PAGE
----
Christmastime was in full gear that gray December afternoon. Thousands of Mexico City residents thronged the narrow street stalls surrounding the sprawling La Merced Market, east of the Zocalo. Many shopped for Christmas present, others for candles and fireworks in honor of the Day of the Virgen of Guadalupe, celebrated every December 12th, which would be the next day.
La Merced market is a huge complex of different markets east of the downtown area in the seedy and notorious La Merced neighborhood. Prostitutes and pickpockets abound. The market is divided into several areas: The Meat market, the vegetable market, the flower market, the herb market and the Ampudia Market, which is mostly candy and toys.
None of the unsuspecting people crowding Ramon Corona Street, next to Ampudia Market, imagined the hellish horror that would be unleashed that day.
Illegal Fireworks are often sold in the city and throughout the country. Though forbidden, fireworks form a part of Mexican life and culture. Illegal or Legal, they are easily found hidden under the candy stalls in Ampudia Market. Stashed in a corner, hidden in the countless boxes and crates that crowd Merced market, people fear them but also turn the other way. Improperly handled, they can unleash a holocaust of death and fire. On December 11th, 1988, tragedy rocked Ampudia Market.
Nobody to this day knows how it started, but a fire broke out at a candy stall on Corona Street. A fire that quickly reached a box of illegal fireworks, which then began to burn and detonate. Dozens of people ran terrified at the sound of the exploding fireworks and gunpowder, which started a flash fire that quickly raced down the stalls, incinerating everything in its path: people, paper, candy and more fireworks.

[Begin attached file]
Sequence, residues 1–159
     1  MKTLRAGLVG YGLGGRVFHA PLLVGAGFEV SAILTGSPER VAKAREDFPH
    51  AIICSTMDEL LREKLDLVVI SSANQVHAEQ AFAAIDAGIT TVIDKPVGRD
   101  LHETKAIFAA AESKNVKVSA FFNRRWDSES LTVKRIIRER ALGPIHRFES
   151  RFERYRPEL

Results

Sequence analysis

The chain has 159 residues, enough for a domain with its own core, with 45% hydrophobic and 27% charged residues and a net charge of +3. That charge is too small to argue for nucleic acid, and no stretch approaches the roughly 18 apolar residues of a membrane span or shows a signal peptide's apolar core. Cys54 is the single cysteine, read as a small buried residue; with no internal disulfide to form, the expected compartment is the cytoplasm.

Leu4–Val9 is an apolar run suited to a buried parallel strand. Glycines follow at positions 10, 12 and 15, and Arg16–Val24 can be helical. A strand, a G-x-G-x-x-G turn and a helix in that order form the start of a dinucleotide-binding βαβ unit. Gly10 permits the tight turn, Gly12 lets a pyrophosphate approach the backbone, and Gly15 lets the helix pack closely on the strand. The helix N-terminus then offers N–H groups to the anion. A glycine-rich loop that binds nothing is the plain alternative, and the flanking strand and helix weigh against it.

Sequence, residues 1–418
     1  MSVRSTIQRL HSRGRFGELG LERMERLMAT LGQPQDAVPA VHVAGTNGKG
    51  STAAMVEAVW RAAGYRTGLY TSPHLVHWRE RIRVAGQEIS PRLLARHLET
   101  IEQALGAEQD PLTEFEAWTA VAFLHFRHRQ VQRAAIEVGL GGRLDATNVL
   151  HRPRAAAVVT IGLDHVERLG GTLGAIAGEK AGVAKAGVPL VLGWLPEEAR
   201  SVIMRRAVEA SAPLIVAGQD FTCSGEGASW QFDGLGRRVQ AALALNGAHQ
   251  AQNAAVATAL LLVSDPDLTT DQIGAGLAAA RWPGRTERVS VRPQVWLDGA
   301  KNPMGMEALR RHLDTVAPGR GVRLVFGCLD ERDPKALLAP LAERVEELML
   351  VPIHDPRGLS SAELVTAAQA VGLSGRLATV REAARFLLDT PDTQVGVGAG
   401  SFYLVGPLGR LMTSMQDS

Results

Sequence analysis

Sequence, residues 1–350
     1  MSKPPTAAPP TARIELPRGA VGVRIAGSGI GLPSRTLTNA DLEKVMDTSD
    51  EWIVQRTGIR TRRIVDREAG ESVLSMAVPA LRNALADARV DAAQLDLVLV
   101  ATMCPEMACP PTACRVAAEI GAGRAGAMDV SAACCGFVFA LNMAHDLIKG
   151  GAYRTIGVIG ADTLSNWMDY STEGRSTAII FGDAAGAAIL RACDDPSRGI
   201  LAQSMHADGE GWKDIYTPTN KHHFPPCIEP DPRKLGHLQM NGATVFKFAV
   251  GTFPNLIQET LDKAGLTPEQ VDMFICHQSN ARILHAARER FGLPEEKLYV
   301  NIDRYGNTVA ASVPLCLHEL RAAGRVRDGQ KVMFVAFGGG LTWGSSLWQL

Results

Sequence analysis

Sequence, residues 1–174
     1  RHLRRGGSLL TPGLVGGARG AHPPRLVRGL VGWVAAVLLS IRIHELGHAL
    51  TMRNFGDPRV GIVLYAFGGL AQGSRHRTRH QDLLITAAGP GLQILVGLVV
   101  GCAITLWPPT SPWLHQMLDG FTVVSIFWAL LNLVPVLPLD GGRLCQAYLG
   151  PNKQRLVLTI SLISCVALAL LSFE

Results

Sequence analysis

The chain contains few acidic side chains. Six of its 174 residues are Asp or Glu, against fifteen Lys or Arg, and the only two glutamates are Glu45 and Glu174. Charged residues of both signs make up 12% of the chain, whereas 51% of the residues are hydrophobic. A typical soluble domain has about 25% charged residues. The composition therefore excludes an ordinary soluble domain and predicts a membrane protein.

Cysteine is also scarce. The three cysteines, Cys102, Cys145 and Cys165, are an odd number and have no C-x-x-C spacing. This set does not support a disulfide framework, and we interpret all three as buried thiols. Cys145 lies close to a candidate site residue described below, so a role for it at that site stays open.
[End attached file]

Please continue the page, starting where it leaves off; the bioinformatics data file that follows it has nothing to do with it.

More fireworks exploded as the screams of the victims burning alive were heard all throught La Merced market. Then came the huge blast.
The fire reached a warehouse in a building in Ampudia Market and exploded. Pounds of gunpowder, used in the making of the fireworks, blew up, killing dozens of people. The fire still raged inside the Ampudia building, spreading to apartments on the upper floors. Dozens were trapped behind the iron roll up doors of the market storerooms where they sought refuge from the fire and explosions. These storerooms proved to be deathtraps as many contained even more fireworks, which then exploded.
Red Cross ambulances and firefighters quickly raced to La Merced market and extinguished the fire on Corona Street. The toll was grim. 72 persons had been killed in the blasts and fire, including 12 children and 25 women. 83 more persons were injured or burned and required treatment.
The day after, The Day of Our Lady of Guadalupe, Mexico City mayor Manuel Camacho Solis toured the fire-ruined area. Dozens of relatives of the dead mobbed him demanding justice. Vendors who lost everything tossed down soggy and burned cardboard and debris at the mayor demanding those responsible for the negligence and corruption of allowing clandestine fireworks to be sold in such a populated area.
He declared the sale of fireworks illegal in the Federal District and the Valley of Mexico (Mexico City greater area). None of the vendors responsible for the tragedy had valid permits. Rarely any ever do.
It wasnt the last fireworks related disaster at La Merced or in Mexico. Fires routinely break out at the market, but none have been as devastating as the one on December 11th 1988.
In 1999, a market exploded in Celaya, Guanajuato, due to the burning of an illegal cache of gunpowder and fireworks. 65 were killed. On New Years Eve 2002 the Veracruz city market burned, killing 32.
In 1998, in Tultepec, an illegal fireworks shop blew up, devastating 5 city blocks, and killing 20.